I discovered that NHK World has uploaded a bunch of videos – quite a change as it used to be very hard to find NHK content online. What especially interested me now was not only the content, but also that these videos offer a great opportunity to study the kishoutenketsu structure in a new format.
I had this realization as I was watching The Great Cocktail Quest: Gokan Shingo. Not only was it a fascinating profile piece on this unique bartender, the way the story played out was fascinating as well.
The key part is the “ten” section, which happens as they’re recounting the competition. Throughout this time, the video has been going in chronological order – but at 9:44, when Gokan learns that he’s running out of time, the perspective suddenly changes to explain the cocktails themselves. During this seeming tangent, brand new information is also shared about how he had studied both tea ceremony and sherry. When I first watched the video, I wondered why they hadn’t mentioned those two points earlier. But coming to the ending, where they share Gokan’s new venture into shochu, it made sense – in terms of the kishoutenketsu structure, that is.
Without that moment of divergence at 9:44, the story would have played out in a typical 3-act, Hero’s journey structure, with the hero having attained the ultimate prize. Even though the climax was quite moving, I don’t think I would have left feeling as surprised or inspired.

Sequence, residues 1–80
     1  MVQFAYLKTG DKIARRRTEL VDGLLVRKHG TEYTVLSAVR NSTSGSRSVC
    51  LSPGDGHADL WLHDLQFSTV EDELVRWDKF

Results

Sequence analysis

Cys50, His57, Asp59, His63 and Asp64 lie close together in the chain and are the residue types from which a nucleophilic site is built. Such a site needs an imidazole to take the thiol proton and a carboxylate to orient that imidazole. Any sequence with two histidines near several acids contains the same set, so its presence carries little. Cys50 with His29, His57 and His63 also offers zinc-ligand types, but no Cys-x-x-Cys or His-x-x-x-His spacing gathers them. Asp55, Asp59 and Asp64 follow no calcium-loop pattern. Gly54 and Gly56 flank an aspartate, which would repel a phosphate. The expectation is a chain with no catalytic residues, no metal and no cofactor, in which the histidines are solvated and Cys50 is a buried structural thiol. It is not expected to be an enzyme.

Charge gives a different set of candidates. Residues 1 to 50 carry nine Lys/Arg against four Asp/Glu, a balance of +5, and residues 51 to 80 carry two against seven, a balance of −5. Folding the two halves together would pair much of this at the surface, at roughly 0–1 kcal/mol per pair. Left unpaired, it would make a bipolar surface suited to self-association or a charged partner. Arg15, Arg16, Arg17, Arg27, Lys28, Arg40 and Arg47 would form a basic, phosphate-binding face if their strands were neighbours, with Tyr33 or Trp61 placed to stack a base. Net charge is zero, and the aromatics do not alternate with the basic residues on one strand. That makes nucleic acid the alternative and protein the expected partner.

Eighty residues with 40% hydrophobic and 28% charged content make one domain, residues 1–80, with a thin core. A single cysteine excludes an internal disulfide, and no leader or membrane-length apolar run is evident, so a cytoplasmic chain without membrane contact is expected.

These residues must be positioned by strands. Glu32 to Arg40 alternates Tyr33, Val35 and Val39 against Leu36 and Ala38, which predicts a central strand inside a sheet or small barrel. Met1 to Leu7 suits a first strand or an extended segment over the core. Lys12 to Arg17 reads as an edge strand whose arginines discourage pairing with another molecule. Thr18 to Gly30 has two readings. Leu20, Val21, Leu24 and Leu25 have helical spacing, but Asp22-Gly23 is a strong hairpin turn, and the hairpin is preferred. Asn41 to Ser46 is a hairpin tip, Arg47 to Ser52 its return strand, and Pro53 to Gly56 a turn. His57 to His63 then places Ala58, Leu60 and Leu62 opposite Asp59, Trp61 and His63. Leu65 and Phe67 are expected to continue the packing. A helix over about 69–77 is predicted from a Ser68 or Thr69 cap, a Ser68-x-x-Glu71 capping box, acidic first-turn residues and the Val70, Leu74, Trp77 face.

Part of it I think is due to us becoming like those who were at the event during that moment of divergence: surprised at the combination of tea and sherry, and then a moment later, the display of selflessness and camaraderie. The other part is due to us also getting an intimate look into Gokan’s perspective. The divergence offers a sudden insight into what he was likely feeling as he was creating the cocktail in that moment, putting on display for all to see what he had learned up to that point. It reminded me of how so much of our personal history, our striving and hard work, are things that only we know. To put that on display is a choice that not many would take and shows a ton of courage on Gokan’s part, and why I was so moved by the end of the video.
Again, this isn’t an argument of kishoutenketsu being a “better” narrative structure than the Western 3-act structure, but a study of how these two structures help to tell different stories. If the “lesson” of the story had been about conquering the competition or the events of the competition, then perhaps a 3-act structure would have been more fitting. However, to support Gokan’s personal philosophy, kishoutenketsu was a much more appropriate structure to use, highlighting instead the confidence and experience Gokan gained through the competition to continue to push his skills and venture into new areas.